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20 Questions With...James Frain

Actor James Frain, currently appearing in King Lear at the Almeida at King's Cross, never planned on becoming a film name but, now that he is, wonders why 'natural' has become such a disparaging term in theatre.

By • West End


While still in drama school, actor James Frain was discovered by Sir Richard Attenborough who was searching for a fresh face to cast in the 1993 film adaptation of CS Lewis' Shadowlands.

Over the decade since then, Frain has gone on to feature in a continuous string of major films including Elizabeth, Hilary and Jackie, An Awfully Big Adventure, Nothing Personal, Rasputin, Sunshine, Titus, Reindeer Games, Where the Heart Is and, soon to be released in the UK, The Count of Monte Cristo.

Frain's television credits include Arabian Nights, The Mill on the Floss, Buccaneers, Prime Suspect, The Vice and the recent BBC adaptation of William Boyd's Armadillo, in which he starred as Lorimer Black.

On stage, Frain has previously appeared in Other People (Royal Court), Zenobia (RSC) and She Stoops to Conquer (West End). He can currently be seen at King's Cross in King Lear, director Jonathan Kent's final production during his reign as joint artistic director of the Almeida. Frain plays Edmund alongside Tom Hollander's Edgar and Oliver Ford Davies' Lear.


Date & place of birth
Born 14 March 1968 in Leeds.

Now lives in...
Ladbroke Grove, west London.

Trained at...
Central School of Speech and Drama in London

First big break
The film Shadowlands (1993). I was in my third year of drama school at the time. The director, Richard Attenborough, was looking to cast a complete unknown so they did this huge cattle call of all the schools. I kept getting called back and just thought it was good audition practice; I never imagined I'd get the part. When I did get it, I was completely surprised. I never finished drama school.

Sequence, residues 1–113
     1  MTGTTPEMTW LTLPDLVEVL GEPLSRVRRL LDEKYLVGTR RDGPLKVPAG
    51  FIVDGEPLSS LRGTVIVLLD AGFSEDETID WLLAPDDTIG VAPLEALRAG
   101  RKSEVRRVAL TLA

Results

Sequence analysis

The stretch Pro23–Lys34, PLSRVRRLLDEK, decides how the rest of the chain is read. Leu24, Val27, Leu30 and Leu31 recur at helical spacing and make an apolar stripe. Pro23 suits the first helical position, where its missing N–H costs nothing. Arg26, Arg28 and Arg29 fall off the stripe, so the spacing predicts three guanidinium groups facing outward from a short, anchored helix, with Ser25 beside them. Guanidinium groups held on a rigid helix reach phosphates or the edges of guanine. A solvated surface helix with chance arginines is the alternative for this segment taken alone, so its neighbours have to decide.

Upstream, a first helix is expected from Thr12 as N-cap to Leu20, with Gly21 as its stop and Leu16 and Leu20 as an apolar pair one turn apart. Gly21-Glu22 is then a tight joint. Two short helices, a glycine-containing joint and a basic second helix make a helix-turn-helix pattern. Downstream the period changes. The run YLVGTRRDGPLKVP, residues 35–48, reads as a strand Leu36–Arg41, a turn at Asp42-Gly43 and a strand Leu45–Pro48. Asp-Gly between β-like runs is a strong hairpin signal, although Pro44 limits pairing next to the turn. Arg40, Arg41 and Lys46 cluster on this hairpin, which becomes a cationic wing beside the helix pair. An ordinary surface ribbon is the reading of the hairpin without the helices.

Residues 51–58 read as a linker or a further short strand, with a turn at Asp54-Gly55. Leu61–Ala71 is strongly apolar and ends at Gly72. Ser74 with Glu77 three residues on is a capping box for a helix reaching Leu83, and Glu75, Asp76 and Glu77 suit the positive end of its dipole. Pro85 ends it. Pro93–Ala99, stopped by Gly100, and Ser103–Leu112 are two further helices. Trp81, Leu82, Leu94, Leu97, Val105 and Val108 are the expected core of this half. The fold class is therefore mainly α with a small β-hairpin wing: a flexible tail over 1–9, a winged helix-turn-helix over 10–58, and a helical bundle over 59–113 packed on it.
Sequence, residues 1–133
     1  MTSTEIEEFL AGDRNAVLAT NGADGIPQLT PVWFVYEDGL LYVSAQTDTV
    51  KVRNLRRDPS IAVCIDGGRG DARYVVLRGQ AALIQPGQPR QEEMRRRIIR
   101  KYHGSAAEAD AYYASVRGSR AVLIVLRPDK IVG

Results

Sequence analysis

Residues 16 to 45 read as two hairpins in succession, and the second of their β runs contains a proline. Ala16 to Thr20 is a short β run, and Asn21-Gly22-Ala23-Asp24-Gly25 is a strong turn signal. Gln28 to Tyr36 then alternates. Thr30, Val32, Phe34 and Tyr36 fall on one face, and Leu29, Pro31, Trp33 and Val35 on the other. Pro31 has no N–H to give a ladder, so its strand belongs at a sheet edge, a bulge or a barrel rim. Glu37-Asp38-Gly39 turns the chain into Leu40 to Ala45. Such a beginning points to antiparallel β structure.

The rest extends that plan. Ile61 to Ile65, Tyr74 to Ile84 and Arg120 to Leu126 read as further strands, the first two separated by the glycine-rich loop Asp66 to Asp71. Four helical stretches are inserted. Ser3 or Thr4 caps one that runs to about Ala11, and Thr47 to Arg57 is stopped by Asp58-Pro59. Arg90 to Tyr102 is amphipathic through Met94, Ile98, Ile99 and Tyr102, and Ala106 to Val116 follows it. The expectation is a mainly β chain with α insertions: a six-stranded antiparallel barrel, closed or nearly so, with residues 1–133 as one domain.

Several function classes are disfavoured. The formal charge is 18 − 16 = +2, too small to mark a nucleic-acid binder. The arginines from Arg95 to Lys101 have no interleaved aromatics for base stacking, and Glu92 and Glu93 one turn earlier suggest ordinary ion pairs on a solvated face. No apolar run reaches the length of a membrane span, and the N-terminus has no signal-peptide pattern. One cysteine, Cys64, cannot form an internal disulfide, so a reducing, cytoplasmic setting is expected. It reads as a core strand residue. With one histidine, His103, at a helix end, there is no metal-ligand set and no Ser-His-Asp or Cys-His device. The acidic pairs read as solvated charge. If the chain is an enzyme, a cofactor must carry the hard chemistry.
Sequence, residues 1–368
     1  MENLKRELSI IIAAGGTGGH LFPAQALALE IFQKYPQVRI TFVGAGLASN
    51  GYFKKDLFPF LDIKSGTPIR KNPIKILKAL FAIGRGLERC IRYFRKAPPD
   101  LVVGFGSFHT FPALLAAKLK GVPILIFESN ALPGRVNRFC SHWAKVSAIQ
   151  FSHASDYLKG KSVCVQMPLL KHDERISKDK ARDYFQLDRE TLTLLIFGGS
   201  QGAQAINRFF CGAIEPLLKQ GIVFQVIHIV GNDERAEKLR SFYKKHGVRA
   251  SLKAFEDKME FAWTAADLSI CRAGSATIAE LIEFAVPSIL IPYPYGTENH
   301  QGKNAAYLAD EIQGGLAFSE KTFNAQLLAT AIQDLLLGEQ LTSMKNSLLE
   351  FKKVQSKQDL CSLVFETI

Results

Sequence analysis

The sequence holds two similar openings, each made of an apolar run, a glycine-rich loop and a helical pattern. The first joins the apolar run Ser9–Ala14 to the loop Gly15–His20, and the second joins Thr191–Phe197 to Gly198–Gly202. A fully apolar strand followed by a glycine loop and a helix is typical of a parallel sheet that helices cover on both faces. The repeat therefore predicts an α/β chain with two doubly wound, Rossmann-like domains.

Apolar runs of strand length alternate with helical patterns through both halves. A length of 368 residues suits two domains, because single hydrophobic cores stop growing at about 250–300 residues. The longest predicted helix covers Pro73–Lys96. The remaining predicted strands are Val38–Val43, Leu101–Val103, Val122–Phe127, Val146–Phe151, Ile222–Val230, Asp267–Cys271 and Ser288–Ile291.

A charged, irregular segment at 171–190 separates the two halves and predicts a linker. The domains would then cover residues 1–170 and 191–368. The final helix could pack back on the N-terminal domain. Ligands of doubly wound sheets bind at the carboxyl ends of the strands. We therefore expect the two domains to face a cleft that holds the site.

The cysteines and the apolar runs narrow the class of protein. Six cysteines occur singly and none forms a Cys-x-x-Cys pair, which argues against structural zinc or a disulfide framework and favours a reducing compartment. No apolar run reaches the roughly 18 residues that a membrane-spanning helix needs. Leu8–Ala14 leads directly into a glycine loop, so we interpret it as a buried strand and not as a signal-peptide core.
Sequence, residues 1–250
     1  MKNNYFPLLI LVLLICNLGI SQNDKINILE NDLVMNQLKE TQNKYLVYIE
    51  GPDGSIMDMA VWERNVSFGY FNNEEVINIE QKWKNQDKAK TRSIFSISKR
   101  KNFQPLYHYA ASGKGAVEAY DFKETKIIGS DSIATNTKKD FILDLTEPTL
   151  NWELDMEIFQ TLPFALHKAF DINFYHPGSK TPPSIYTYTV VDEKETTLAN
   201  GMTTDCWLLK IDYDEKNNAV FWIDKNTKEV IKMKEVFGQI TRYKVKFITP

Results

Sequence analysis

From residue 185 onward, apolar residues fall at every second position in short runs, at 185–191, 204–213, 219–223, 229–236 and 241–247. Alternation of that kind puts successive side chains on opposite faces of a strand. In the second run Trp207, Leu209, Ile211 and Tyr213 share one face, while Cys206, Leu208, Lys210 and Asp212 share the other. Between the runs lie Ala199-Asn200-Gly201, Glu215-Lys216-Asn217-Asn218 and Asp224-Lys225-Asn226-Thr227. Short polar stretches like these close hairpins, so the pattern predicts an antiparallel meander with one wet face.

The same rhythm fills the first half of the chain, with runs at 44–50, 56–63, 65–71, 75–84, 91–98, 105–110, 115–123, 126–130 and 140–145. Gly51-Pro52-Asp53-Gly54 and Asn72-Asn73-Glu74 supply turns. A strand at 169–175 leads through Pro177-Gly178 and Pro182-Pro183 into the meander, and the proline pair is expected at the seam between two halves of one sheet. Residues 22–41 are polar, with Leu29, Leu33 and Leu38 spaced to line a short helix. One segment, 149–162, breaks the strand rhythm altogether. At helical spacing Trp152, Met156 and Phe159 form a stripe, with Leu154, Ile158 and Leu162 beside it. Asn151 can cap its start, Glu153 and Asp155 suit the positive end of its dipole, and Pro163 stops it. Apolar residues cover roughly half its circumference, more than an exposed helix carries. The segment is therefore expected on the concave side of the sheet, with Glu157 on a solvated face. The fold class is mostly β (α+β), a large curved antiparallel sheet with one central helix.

Career highlights to date
Armadillo because I got to work with Howard Davies and Stephen Rea. Hilary and Jackie because it was such a beautifully written script and I love working with Emily Watson. Also a film called Nothing Personal that was set in Belfast during the Troubles. I played a loyalist paramilitary. I can't explain why it was so meaningful but it was, and I enjoyed filming in Ireland.

On stage, Other People at the Royal Court was a highlight. Christopher Shinn is a wonderful writer. He's got a new play coming up at the Court, called Where Do We Live, that features two of the same characters from Other People. It's set just before and just after 11 September and sounds fascinating.

Favourite co-stars
Doraly Rosen who I worked with on Other People. She's completely present as an actress, and she doesn't try to impose her ideas on you, she just responds. She's become a good friend.

Favourite directors
Howard Davies is a fantastic director of actors. Having done Armadillo with Howard for television, I would love to do a play with him now. Also, Istvan Svabo, who I worked with on the film Sunshine, is a genius.

Favourite playwrights
David Mamet for the intensity and sparsity of his writing. And Harold Pinter for the same reason.

What roles would you most like to play still?
Hamlet, definitely. I hope I get a chance to. I was talking to Oliver Ford Davies about this the other day. He said that, in the past, actors could expect to play the big roles like that several times in their career. Now you tend to only get one crack at the whip. Also, I'd like to do Astrov from Chekhov's Uncle Vanya. As for film, you never know what roles you want until they're written.

What's the best thing currently on stage (not including this production)?
At the moment, I'm limited to which shows have matinees that don't conflict with King Lear's schedule, so I haven't been able to get to much. I did just manage to see The Mysteries - a superb demonstration of the theatrical virtues of rawness, immediacy, collective identity, passion and, ultimately, celebration. It's the best theatre I've seen in ages; a must-see. The other things I'd really like to catch are Samuel West's Hamlet and, at the Donmar Jesus Hopped the A Train and Kenneth Lonergan's Lobby Hero